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Lexus CT 200h: Slow-speed Driving Fun

Luxury automaker's latest hybrid is more than a dressed-up Prius.

by on Feb.25, 2011

The Lexus CT 200h is fun to drive, but it doesn't accelerate quickly.

It would be easy to write off the Lexus CT200h is just a gussied up version of Toyota’s hybrid poster child, the Prius.

It’s true that the CT 200h shares its platform and most of its hybrid mechanicals with the Prius, but where the Prius is a snooze to drive, the Lexus is fun. Can an underpowered hybrid that’s geared for mileage, not performance, be fun? In a word, yes.

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If you need eye-popping acceleration, look elsewhere. In fact, if you expect average acceleration, look elsewhere. With a combined 134 horsepower between its 98-horsepower 1.8-liter four cylinder and 80-horsepower electric motor, the CT isn’t going to win any stoplight grand prix. Well, unless, the competition is a Prius.

But the CT is one of those cars that make spouses complain “What, do you think you’re Mario Andretti?” The hefty steering begs for you to take corners a little faster than normal, clipping apexes with the precision of a sports car. So there’s a Prius lurking under the CT’s sheetmetal? No one will ever know.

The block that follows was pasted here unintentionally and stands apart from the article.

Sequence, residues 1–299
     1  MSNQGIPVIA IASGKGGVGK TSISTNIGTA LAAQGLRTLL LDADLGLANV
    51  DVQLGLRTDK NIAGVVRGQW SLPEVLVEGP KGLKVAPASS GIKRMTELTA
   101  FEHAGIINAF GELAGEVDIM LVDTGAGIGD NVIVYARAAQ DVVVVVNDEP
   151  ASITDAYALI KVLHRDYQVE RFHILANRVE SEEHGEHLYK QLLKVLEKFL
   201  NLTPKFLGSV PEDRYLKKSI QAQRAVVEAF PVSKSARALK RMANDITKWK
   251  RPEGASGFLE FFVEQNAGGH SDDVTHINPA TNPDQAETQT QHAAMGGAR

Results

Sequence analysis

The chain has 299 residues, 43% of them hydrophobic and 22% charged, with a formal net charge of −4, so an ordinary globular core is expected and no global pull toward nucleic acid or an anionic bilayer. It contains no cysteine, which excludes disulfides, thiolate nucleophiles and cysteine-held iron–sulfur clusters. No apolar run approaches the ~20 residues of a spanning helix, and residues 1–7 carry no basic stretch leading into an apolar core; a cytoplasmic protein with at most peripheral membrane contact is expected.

First Look: Cadillac Urban Luxury Concept

“The luxury experience in a diminutive size.”

by on Nov.17, 2010

How small is too small for luxury buyers?

Luxury buyers have traditionally measured a vehicle’s worth by the pound and inch.  But, in an increasingly urban global environment, size doesn’t always measure up.  The big cars of the past very well could be replaced by something more compact but equally luxurious.

Or so Cadillac seems to be suggesting with the Urban Luxury Concept it is introducing at this year’s Los Angeles Auto Show, a prototype that, the maker says, “offers the luxury experience in a diminutive size.”

Measuring just 151 inches, nose-to-tail, and with a 97.1-inch wheelbase, the ULC is comparable in size to the sort of city cars becoming increasingly popular in Europe and Japan, and which some industry planners will continue to gain momentum in emerging markets like China and India.

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Despite the relatively compact footprint, the ULC’s tall crossover-like stance – with a 56.9-inch height and a 68.1-inch width – provides far more interior space than might seem apparent, at first.  And to ease access, Cadillac designers have opted for a gullwing design – which is operated at the touch of a button.

“It may not look like Cadillacs on the road today, but it shares the comfortable and high-tech elements that owners have come to associate with larger, traditional luxury sedans,” said lead designer Frank Saucedo.